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 My lathe is a Homier 7 X 12. It is essentially the same as the Harbor Freight and Grizzly models, give or take a little bed length and some accessories. The big difference is the price. Homier's usual price is $299.99. It is a rather nice little lathe, but needs a bit of upgrading to be a really nice piece of equipment.

NOTE: It appears that since this page was originally written, Homier has discontinued this lathe.

 You can see some of the changes in this photo. I have changed the cross and compound slide handles to roller types. The replacement toolholder T-handle and the half nut handle are made from drill rod. The T-handle was inspired by a picture on The cam lock on the tailstock is a kit. It is worth every penny of the $29.95 I paid for it. It is definitely a must-have kit if you do many drilling operations on the lathe. They also carry a 4 inch, 4-jaw independent chuck that adds a great deal of versatility.


 Homier used to handle the quick change tool holder I use, but seems to have dropped it. That is a shame. I paid them $34.95 for it and it goes for $54 and higher elsewhere. Some people have rated it as mediocre, but I like it and there are a lot of holder types available for it and they are reasonably priced. I have everything from boring bar holders to cut off holders and many turning holders between.

NOTE:  I have stopped using this toolholder in favor of one I built based on a combination of commercial designs and new ideas of my own.  See the new QCTP on the projects page of this site, or click here.  Drawings and instructions are available.

  I didn't care much for the original handles on the slides. They don't turn and I didn't like the shape, so I decided to improve them. The original handle was pulled out and the hole drilled through and tapped to 10-32 on the cross slide and 8-32 on the compound slide.
  The center shaft for the handle is smooth to the length of the handle and then threaded to a ridge on the end and screwed into the holes. A touch of white grease on each shaft completes the unit and they turn very smoothly. These are much more comfortable on long cranking runs than the originals. All handles are made from non-hardened W-1 drill rod.


   The half nut engagement lever was also changed to a home made one that is longer and terminates in a ball. It is much easier to handle (no pun intended). One of the things you cannot see is the chip guard on the trolley assembly. Basically, it was a piece of 1/8 inch plexiglass cut to match the back of the gear box and mounted by three screws in newly drilled and tapped holes in the margins. It did a fine job of keeping swarf out of the gears.  NOTE: I have changed this and gone ball bearing on this gear. Click here to see the modification.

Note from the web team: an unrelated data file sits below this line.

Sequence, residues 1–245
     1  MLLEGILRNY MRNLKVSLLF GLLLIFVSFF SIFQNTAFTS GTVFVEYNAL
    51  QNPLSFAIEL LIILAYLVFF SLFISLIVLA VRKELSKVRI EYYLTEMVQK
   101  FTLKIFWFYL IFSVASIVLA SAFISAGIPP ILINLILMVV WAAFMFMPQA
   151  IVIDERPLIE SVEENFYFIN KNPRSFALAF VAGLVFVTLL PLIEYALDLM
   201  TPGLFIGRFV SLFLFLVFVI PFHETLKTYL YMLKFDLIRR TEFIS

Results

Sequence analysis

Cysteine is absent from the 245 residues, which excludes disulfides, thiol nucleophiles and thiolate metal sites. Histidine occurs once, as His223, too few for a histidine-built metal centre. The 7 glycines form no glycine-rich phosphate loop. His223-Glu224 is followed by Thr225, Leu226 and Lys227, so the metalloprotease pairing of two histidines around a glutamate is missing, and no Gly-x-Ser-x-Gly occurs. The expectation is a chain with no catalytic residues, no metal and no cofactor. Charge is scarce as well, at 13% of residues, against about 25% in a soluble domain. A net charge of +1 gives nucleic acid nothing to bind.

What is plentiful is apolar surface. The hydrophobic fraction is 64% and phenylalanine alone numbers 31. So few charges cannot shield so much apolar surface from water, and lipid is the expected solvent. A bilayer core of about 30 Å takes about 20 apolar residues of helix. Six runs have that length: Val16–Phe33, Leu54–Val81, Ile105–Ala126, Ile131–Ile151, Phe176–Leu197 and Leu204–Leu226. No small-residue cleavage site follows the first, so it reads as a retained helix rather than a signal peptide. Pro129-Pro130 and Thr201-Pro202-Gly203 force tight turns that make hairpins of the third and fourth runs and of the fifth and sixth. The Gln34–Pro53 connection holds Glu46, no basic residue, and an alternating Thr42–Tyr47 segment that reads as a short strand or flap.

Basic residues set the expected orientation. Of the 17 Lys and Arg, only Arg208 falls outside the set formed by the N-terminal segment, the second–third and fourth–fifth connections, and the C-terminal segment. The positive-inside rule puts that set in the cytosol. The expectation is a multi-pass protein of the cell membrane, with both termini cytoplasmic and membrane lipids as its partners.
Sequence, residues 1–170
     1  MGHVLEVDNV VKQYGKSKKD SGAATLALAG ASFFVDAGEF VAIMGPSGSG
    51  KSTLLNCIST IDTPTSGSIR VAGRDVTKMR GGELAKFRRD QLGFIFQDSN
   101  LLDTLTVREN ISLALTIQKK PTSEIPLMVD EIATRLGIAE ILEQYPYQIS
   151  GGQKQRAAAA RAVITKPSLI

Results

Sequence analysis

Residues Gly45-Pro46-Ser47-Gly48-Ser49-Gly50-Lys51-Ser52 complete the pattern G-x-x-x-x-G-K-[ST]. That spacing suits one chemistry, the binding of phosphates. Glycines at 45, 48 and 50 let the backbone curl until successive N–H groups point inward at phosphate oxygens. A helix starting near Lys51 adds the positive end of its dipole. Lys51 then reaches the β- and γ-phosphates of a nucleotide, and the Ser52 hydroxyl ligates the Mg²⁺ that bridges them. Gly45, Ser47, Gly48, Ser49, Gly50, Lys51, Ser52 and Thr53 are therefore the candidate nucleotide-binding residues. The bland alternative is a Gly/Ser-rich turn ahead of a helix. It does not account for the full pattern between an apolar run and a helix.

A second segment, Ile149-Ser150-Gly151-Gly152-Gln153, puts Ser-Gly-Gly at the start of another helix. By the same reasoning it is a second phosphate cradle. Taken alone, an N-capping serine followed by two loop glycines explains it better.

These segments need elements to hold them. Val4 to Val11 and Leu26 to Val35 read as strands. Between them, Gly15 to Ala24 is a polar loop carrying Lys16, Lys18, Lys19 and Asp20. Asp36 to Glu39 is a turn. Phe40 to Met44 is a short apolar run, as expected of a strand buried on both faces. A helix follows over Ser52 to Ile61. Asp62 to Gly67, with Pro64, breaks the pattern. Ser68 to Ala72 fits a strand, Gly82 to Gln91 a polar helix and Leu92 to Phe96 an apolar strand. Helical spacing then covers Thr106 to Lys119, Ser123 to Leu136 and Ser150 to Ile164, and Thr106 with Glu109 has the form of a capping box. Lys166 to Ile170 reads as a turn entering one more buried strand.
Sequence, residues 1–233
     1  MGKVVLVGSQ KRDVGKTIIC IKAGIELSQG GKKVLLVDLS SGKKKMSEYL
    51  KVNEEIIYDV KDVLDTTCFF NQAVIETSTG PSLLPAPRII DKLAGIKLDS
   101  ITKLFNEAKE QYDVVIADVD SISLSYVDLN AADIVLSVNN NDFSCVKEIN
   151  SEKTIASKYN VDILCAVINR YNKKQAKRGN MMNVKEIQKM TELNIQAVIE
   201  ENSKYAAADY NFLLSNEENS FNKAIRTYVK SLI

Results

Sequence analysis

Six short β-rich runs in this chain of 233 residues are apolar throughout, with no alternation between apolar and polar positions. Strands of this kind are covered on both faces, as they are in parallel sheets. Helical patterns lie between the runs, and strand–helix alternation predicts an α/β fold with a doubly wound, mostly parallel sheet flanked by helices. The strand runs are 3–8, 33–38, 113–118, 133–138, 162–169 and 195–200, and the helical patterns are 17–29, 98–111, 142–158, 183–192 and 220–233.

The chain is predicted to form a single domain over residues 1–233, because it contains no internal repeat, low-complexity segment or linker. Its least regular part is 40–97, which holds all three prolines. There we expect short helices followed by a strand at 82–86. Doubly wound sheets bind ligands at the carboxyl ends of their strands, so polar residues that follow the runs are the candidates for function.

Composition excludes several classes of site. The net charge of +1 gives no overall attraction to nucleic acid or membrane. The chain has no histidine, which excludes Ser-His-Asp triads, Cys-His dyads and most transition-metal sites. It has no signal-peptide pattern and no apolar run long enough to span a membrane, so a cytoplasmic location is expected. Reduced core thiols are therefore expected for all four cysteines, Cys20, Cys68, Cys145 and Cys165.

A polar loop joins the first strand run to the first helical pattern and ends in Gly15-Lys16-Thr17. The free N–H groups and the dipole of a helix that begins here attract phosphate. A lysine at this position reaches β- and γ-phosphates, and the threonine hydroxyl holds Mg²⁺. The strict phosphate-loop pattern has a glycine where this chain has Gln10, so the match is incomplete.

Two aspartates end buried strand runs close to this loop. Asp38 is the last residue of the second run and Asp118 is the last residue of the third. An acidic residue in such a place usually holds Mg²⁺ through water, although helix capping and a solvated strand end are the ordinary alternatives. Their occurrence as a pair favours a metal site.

The ways often get loaded up with tiny metal specks that easily grind into the non-hardened bed. This will cause the carriage to drag and wear the ways excessively. A guard can easily be made from the accordian material used for guard purposes on the mini-mill. A large piece of it sells for under $10 at It is big enough to make several guards. Just cut a piece as shown and attach to the carriage base by way of the traveling rest mount holes. I use a metal strip top and bottom to stiffen the mounting. Star washers hold the screws well without requiring much pressure. Excessive pressure would squeeze out the neoprene and cause it to tear out around the holes. This works great.


   The carriage lock is ala Vicki Ford with a few minor modifications. I attached the pivot differently and changed the screws. It works very well. She does not give specifications on her site so it took a little time to work out all the dimensions. Needless to say, it is very handy to be able to lock the carriage in place without using the half nuts. Locking that way is not very rigid. With this lock you can lock in place while the lead screw is running.
 This is the bench I built for the lathe. It is 2X4, plywood and tempered hardboard. It works very well to keep the swarf confined to a small area. One of the must-haves is showing, the T-handle hex keys. Operating the lathe with the typical L-shaped hex keys does nothing but generate foul language. The magnifier lamp does double duty as a close-up lens and flying chip shield. It makes it easy to closely monitor a close, careful cut.


Click here to read my maintenance recommendations for the mini-lathe.